The Once and Future King Book 1, Chapter 7
Arthur and Merlyn watch Kay practice jousting with a servant. Arthur tries to pretend he is not upset by the fact that Kay, because he is a "proper son," will be a knight, while Arthur, an adopted child, has to be Kay's squire. Merlyn sees that Arthur is upset: "'What is the matter now?' he enquired nastily. His inspection had shown him that his pupil was trying not to cry, and if he spoke in a kind voice he would break down and do it." Book 1, Chapter 7, pg. 56
Arthur tells Merlyn that he would not have a wife, but that he would have a "lady love"--he's young enough that he doesn't like girls, but he enjoys thinking of himself as a typical knight. Then Merlyn asks Arthur if he wants to see real knights jousting--something he has never seen before. Arthur says he wants to see King Pellinore joust, and Merlyn casts a spell.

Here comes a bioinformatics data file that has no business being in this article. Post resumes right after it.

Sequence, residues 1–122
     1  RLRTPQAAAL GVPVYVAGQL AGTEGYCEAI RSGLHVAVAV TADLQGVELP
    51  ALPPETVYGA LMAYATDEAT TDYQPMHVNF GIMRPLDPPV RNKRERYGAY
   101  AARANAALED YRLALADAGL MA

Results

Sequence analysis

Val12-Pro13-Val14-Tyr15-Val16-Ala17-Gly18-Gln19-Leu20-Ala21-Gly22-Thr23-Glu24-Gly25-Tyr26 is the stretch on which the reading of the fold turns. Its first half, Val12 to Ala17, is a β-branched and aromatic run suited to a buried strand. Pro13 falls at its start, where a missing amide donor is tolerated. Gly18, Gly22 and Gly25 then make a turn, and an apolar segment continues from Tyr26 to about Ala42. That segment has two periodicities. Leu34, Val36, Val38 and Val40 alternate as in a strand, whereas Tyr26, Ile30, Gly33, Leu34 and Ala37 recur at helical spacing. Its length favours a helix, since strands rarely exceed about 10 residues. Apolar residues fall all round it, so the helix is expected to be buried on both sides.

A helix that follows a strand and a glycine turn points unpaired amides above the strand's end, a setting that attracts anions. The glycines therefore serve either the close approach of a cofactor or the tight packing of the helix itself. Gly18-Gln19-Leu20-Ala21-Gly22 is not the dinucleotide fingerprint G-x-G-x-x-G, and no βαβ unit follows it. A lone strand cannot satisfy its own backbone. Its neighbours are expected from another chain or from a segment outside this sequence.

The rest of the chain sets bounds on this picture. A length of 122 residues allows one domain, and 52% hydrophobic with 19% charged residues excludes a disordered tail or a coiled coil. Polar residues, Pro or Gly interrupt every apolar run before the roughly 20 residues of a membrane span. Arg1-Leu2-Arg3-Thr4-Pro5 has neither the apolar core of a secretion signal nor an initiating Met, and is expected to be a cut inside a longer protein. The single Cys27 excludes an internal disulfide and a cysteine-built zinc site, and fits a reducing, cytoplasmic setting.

At first Pellinore is afraid of Merlyn, because he is so solemn, but they quickly warm up to each other. Pellinore is challenged to a joust by Sir Grummore, even though they have never met and are friendly. In fact, the entire thing is scripted like a play---there are specific lines knights say that they remind each other of. It's not a graceful, legendary sight: the knights are crammed into hot, heavy armor, and they charge at each other clumsily. After a while they get irritated and begin to fight in earnest, but since it is very difficult to hurt someone hundreds of pounds of armor, they don't do much damage and eventually get tired. Sir Grummore conquers Pellinore, but then Pellinore cheats out of it. They chase each other around until they both get knocked unconscious. Merlyn assures Arthur that they are all right and will be best friends when they wake up, and casts the spell to return home.